Opinion: Patients On Biologics Need To Be Wary Of Substitutions
On a cool rainy day last month, more than 100 people rallied at the British Columbia legislature to fight for a drug that has improved the lives of those suffering with cystic fibrosis. The drug is expensive and those gathered at the legislature want it reimbursed by the provincial drug plan.
Shouting slogans and waving signs, their concerns are understandable: When it comes to medicine, all Canadians want access to the treatment that their physicians believe is best for them.
But while the issue over this medication — and others — is generating headlines, there is another health care issue that hasn’t hit the radar for most British Columbians. It involves a type of medicine called biologics, that are used to treat complex diseases such as cancer, diabetes, cardiovascular disease, osteoporosis, Crohn’s disease, rheumatoid arthritis and more.
Over the last decade, biologic medicines have improved health outcomes in some of the most difficult-to-treat chronic conditions, greatly improving the lives of millions of patients. There are exciting and inspirational advancements on the horizon, with many British Columbia companies at the forefront of this pioneering science.
But there is a growing concern involving biologics — and related drugs called biosimilars. Since it could affect you, or someone you love, allow me to explain.
The most common drugs we use — like the aspirin in our medicine chests — are the product of a chemical mixing process. Cheaper generic drugs — such as no-name brands — are made the same way, carbon copy medicines created using the same chemical recipe. These generic drugs are chemically identical to the brand name ones, and so some public and private drug plans may only cover the generic version.
But biologic medicines are different. Biologic drugs aren’t simple molecules, they are complex genetically-engineered proteins derived from living cells. These therapeutic proteins replace or augment human proteins and are programmed to perform a precise function within the body with enhanced precision to treat the target disease.
This precise and highly-complicated biotechnology is subject to all the same regulations and approvals as other medications.
Now, though, as patents on innovator biologic medicines start to expire, lower cost “biosimilars” are becoming more common in Canada — and they aren’t the same as the original. Biosimilars are similar, but not identical to the originator biologic and they aren’t interchangeable. In most cases, they aren’t made by the same company, haven’t used the same living cells and may not have employed the same manufacturing process.
For patients, this is an important distinction. If your doctor prescribes a biologic drug for a disease such as rheumatoid arthritis and you are switched to a biosimilar drug at the pharmacy for non-medical reasons, the substituted medicine may produce a different effect. In fact, Health Canada recommends that a decision to switch a patient being treated with a reference biologic drug (innovator product) to a biosimilar should be made by the treating physician in consultation with the patient and taking into account available clinical evidence and any policies of the relevant jurisdiction.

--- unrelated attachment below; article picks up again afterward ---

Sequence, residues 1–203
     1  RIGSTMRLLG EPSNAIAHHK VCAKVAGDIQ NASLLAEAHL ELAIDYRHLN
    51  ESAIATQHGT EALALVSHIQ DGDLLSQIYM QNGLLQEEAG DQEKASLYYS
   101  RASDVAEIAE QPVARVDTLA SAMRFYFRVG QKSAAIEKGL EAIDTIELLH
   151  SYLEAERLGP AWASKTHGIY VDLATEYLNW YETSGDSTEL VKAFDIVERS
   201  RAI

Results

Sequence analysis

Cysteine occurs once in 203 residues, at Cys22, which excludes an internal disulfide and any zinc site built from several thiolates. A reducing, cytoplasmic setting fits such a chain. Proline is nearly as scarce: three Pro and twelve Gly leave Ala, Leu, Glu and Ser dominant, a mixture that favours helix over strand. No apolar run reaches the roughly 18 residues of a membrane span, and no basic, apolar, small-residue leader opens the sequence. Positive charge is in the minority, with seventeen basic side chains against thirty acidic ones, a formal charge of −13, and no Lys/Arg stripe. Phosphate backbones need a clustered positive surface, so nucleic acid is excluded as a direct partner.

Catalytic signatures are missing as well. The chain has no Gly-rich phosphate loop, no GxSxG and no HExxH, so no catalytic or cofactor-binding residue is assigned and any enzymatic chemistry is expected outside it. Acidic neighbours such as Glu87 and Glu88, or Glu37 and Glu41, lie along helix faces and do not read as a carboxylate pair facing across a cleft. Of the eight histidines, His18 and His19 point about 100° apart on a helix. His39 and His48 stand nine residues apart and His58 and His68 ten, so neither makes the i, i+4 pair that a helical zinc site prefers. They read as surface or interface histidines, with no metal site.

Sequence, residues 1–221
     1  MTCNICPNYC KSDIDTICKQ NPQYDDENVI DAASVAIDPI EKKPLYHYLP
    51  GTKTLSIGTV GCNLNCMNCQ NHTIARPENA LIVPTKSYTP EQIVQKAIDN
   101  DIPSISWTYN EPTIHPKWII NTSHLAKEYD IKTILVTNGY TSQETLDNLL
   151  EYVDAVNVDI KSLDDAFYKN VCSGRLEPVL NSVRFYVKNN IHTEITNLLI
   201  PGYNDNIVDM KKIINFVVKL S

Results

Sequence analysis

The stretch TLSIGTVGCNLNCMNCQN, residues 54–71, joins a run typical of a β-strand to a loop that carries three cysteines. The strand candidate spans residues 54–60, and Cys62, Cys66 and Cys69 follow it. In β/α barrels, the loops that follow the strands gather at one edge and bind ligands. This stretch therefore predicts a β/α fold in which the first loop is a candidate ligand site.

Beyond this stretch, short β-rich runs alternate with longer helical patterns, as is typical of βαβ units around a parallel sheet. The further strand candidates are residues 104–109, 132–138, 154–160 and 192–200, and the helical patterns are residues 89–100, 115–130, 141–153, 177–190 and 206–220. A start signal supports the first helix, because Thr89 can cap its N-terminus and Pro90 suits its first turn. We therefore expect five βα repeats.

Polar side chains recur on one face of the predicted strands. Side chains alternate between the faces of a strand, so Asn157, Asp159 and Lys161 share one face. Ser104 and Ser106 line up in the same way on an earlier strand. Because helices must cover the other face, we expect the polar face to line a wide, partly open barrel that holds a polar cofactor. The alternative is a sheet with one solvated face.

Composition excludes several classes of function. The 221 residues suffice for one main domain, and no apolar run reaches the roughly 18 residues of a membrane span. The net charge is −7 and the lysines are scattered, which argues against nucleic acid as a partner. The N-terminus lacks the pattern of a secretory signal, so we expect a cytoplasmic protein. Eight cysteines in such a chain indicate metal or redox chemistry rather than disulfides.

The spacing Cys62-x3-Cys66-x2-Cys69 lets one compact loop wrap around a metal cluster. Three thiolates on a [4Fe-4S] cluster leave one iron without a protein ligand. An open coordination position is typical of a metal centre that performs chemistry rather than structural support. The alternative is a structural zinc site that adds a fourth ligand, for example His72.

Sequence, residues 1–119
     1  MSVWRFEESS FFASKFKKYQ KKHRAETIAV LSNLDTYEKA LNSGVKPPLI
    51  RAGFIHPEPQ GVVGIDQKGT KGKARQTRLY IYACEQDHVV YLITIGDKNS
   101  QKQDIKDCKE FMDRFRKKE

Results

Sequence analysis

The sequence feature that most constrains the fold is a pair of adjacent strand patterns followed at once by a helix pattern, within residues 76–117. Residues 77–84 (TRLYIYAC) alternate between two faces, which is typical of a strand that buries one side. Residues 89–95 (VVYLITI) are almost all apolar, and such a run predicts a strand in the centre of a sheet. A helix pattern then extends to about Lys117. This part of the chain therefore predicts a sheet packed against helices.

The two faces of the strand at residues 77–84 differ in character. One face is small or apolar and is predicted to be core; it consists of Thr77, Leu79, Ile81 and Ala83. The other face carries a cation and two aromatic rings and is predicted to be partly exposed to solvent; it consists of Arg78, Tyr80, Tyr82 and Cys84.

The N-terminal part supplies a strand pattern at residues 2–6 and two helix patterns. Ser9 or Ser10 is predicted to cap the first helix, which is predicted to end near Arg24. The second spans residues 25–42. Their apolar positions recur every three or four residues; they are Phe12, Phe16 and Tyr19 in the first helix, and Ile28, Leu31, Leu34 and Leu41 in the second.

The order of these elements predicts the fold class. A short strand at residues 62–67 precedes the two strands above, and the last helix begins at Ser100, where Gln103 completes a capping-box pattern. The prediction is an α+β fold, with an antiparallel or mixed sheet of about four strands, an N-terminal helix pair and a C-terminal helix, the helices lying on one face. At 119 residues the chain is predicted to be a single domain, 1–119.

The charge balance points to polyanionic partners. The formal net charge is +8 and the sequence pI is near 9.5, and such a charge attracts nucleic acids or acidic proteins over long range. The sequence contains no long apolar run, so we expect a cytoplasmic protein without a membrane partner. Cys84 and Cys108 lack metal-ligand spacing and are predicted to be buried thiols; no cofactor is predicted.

Confusing, yes. And it gets more complicated.
Currently, the two medications — the originator biologic drug and the biosimilar — have the same scientific name. This is despite the fact Health Canada has said biosimilars are not identical to their originator biologic counterpart and should not be deemed interchangeable.
Recently, the Alliance for Safe Biologic Medicines conducted a survey of Canadian doctors and found overwhelming support for creating distinguishable names for biologic and biosimilar drugs. Our survey also found that most doctors were not comfortable with a third party switching a patient’s medicine for non-medical reasons. Many worry the different medications may cause adverse effects in patients. I am hoping British Columbia, which is home to a vibrant biotechnology industry, will play a leadership role in working with Canadian physicians and stakeholders to develop guidelines on the responsible switching of originator biologics and biosimilars.
Biosimilars have a role to play in terms of offering patients and physicians lower cost alternatives and different therapeutic options. But for biosimilars to be introduced and used successfully, decision makers must rely on the input and opinions of those who prescribe them.
There is no doubt this is a complicated topic — and it still confuses many patients, doctors and pharmacists. But knowing what we are putting in our bodies is central to the care we receive.
Safety is paramount and the time for action is now. This issue is too important to make a mistake. Our health depends on it.
Michael Reilly is the Executive Director for the Alliance for Safe Biologic Medicines which is comprised of patients, physicians, pharmacists, health care groups and biotechnology companies.Original Source: http://vancouversun.com/opinion/op-ed/opinion-patients-on-biologics-need-to-be-wary-of-substitutions Original Date: Dec 25 2017 Original Author: Michael Reilly